The 'Vampire Breast Lift' Really Is as Freaky as It Sounds

Kim Kardashian did it to her face, and now women are getting it done to their breasts. The notoriously bloody vampire facial has spawned the vampire breast lift. The same technology is being used to rejuvenate aging boobs. Is it safe, and does it even work?

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You guys, I just asked a couple of doctors to explain this vampire breast lift business to me and now I'm scared. Board-certified dermatologist in Beverly Hills and a clinical instructor at the University of Southern California Tsippora Shainhouse, MD, FAAD, FRCPC, gave us the 411 on this bloody procedure.

How the vampire breast lift works:

First, blood is drawn from your arm and then spun in a centrifuge to separate the plasma from the red and white blood cells. The platelets are stimulated to produce growth factors.

Meanwhile, the skin on your breasts is pricked with tiny needles causing "mico-damage." Your platelet-rich plasma (PRP) is applied to your skin to help it heal and to stimulate new collagen production at a faster rate than the micro-damage alone would do. 

Dr. Shainhouse says the procedure should "encourage skin cells to act like newborn cells and make brand-new collagen, which can make the skin and underlying tissues appear thicker, firmer, plump, glowing, and young." She adds that using your own growth factors (via platelets from your blood) means "there is little chance of allergic or adverse reaction from the procedure."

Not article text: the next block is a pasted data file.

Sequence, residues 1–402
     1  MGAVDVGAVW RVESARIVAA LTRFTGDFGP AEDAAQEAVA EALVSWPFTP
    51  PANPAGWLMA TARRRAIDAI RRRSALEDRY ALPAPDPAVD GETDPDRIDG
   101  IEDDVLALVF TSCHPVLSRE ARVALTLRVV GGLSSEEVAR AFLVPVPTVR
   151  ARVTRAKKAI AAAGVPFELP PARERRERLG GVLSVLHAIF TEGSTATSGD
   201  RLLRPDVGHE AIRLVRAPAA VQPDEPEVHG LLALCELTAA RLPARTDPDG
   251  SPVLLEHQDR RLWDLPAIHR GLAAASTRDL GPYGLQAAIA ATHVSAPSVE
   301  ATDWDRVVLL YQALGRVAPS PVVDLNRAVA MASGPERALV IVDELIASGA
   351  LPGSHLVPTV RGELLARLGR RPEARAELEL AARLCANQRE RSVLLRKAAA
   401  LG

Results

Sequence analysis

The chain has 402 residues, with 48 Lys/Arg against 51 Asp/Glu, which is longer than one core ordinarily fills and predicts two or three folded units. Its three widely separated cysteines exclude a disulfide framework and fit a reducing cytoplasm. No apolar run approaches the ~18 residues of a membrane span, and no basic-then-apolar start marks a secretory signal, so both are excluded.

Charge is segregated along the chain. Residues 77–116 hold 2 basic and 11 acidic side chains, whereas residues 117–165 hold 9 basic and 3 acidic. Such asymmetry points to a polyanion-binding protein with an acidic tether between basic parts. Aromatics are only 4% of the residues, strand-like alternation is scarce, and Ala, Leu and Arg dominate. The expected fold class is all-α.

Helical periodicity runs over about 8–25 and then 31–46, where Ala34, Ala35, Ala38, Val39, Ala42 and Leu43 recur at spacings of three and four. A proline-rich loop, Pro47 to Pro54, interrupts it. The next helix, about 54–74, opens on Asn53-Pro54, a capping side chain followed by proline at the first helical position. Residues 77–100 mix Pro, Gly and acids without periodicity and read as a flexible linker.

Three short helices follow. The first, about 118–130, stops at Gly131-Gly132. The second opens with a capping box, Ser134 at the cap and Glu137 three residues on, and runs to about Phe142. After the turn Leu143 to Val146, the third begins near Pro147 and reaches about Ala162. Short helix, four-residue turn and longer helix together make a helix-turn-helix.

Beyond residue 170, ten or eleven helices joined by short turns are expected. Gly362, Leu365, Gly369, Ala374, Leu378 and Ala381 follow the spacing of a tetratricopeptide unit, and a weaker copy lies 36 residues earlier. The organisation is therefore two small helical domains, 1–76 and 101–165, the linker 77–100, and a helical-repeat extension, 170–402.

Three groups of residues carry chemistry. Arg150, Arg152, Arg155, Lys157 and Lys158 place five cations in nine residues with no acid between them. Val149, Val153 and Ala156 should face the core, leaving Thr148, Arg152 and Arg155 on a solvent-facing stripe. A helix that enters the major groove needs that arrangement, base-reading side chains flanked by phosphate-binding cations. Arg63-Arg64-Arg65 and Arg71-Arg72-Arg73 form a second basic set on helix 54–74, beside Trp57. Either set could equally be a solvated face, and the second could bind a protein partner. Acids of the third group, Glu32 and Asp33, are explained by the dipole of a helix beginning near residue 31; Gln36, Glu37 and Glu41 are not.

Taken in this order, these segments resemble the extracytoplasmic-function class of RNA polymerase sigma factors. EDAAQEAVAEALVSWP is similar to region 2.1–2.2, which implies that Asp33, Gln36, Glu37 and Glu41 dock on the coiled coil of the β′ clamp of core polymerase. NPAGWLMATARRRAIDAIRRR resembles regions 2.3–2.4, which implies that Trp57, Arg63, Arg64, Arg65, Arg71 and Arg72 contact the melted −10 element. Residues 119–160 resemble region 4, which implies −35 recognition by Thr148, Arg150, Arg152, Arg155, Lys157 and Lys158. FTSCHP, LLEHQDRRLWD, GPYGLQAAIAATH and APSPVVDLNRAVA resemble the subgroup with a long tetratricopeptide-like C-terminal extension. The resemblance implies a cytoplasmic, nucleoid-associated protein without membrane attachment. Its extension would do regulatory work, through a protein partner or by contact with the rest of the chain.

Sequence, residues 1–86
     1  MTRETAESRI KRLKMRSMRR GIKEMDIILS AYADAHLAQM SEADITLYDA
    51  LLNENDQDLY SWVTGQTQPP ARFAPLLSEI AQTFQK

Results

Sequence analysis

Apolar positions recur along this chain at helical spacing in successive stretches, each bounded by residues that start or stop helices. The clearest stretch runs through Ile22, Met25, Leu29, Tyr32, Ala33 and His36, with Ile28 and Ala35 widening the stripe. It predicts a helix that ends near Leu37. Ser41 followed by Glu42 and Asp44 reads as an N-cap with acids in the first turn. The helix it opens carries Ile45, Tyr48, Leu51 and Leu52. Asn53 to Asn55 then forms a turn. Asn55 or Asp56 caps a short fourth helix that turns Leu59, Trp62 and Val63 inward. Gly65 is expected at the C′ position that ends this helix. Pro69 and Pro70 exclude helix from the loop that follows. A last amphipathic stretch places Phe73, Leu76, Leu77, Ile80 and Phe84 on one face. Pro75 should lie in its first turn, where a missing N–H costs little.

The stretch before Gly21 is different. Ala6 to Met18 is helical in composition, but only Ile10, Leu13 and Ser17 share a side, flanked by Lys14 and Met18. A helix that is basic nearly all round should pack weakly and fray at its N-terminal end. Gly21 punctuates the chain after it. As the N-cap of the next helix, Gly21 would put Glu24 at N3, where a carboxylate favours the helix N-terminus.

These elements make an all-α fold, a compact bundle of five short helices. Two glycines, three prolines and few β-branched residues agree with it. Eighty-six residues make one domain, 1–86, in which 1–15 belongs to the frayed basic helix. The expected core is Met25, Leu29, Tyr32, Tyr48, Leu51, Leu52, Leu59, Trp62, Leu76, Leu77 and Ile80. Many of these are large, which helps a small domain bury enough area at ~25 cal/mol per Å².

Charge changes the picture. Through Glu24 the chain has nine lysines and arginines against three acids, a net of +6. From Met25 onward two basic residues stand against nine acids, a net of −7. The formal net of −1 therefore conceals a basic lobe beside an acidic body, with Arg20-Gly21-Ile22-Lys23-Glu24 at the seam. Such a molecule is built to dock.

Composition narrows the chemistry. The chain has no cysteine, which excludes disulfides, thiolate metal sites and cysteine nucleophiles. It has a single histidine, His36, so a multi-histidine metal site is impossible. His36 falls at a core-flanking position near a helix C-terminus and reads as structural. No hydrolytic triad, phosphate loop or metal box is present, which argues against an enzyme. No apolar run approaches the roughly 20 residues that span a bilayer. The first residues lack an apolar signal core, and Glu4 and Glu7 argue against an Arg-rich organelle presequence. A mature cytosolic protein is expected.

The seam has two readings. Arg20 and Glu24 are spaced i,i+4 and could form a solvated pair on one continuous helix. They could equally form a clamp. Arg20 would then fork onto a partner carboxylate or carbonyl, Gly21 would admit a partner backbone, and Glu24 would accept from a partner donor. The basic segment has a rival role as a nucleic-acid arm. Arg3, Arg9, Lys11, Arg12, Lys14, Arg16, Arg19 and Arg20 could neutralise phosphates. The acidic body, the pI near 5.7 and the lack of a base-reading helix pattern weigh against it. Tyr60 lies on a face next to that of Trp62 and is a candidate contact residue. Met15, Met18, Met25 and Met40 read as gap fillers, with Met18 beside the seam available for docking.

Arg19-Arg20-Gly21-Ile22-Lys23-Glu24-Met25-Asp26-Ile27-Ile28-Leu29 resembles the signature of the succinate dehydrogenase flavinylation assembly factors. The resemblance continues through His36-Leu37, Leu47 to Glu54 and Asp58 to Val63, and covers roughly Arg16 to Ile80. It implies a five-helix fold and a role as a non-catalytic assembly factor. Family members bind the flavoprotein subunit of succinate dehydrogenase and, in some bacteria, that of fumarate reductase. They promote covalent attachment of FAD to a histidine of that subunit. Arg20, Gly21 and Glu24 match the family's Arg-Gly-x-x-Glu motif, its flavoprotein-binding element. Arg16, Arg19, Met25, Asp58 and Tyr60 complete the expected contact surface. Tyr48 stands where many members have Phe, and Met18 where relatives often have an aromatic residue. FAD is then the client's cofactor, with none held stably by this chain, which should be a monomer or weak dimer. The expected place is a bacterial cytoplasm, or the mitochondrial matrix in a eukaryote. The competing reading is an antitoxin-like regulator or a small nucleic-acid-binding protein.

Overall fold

More from The Stir: Kim Kardashian Gets 'Vampire Facelift' on TV: Want to See Her Covered in Blood? (PHOTO)

What it actually does:

"This procedure can help reduce the visible signs of skin aging, including dullness, poor circulation/sallow color, dyspigmentation from sun damage, thinning skin," Dr. Shainhouse says. "This procedure can stall the need for a breast lift in younger patients, but it is not a substitute for breast surgery," she adds.

Apparently the vampire breast lift is only skin-deep -- literally. Womp womp!

Dr. Shainhouse says you'll notice improvement in skin color and texture within a few days, though you may have to go in for multiple treatments for "optimal effect."  

Is It Safe?

Well, that depends on how carefully it's done. Because this procedure is meant to treat the skin, not anything else underneath, theoretically it should be okay-ish. But keep in mind, you've got needles making incisions very close to your breast glands.

"This procedure can potentially be extremely dangerous, as you're never supposed to inject anything into the breast gland," says Dr. Barry Weintraub M.D., F.A.C.S., a top Board Certified cosmetic plastic surgeon in NYC and a National Spokesperson for the American Society of Plastic Surgery. "If it calcifies it can confuse a mammographer and can be misinterpreted as breast cancer." 

Dr. Weintraub adds that the effects will be temporary, as the platelets will eventually be "digested" by the body. "If women are looking for breast augmentation, I strongly suggest implants, which are incredibly effective, safe and FDA approved."

So there you go. Is it worth it? Sure ... if you're obsessed with perfection and have so much money you need people to help you spend it (the treatment costs $1,800, according to Cosmo). It's not really a breast "lift"-- more like a painful and complicated facial for the skin over your boobs. But hey, it's your plasma and skin. If this is what you want to do with them, go for it.

 

Image via Subbotina Anna/shutterstock

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